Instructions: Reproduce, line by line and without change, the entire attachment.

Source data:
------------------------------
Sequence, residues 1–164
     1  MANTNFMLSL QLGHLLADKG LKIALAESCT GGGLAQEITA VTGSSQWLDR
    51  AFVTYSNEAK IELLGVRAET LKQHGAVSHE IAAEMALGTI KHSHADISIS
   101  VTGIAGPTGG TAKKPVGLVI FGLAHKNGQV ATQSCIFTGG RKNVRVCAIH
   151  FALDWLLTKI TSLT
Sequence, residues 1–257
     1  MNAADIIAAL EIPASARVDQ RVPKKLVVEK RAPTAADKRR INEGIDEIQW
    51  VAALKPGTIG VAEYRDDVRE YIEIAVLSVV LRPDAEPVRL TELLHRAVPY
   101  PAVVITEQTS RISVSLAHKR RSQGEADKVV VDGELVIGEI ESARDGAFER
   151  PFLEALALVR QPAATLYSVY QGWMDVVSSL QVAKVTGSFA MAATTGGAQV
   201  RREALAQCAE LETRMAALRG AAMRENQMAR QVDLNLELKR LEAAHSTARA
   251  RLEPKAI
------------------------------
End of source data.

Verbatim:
Sequence, residues 1–164
     1  MANTNFMLSL QLGHLLADKG LKIALAESCT GGGLAQEITA VTGSSQWLDR
    51  AFVTYSNEAK IELLGVRAET LKQHGAVSHE IAAEMALGTI KHSHADISIS
   101  VTGIAGPTGG TAKKPVGLVI FGLAHKNGQV ATQSCIFTGG RKNVRVCAIH
   151  FALDWLLTKI TSLT
Sequence, residues 1–257
     1  MNAADIIAAL EIPASARVDQ RVPKKLVVEK RAPTAADKRR INEGIDEIQW
    51  VAALKPGTIG VAEYRDDVRE YIEIAVLSVV LRPDAEPVRL TELLHRAVPY
   101  PAVVITEQTS RISVSLAHKR RSQGEADKVV VDGELVIGEI ESARDGAFER
   151  PFLEALALVR QPAATLYSVY QGWMDVVSSL QVAKVTGSFA MAATTGGAQV
   201  RREALAQCAE LETRMAALRG AAMRENQMAR QVDLNLELKR LEAAHSTARA
   251  RLEPKAI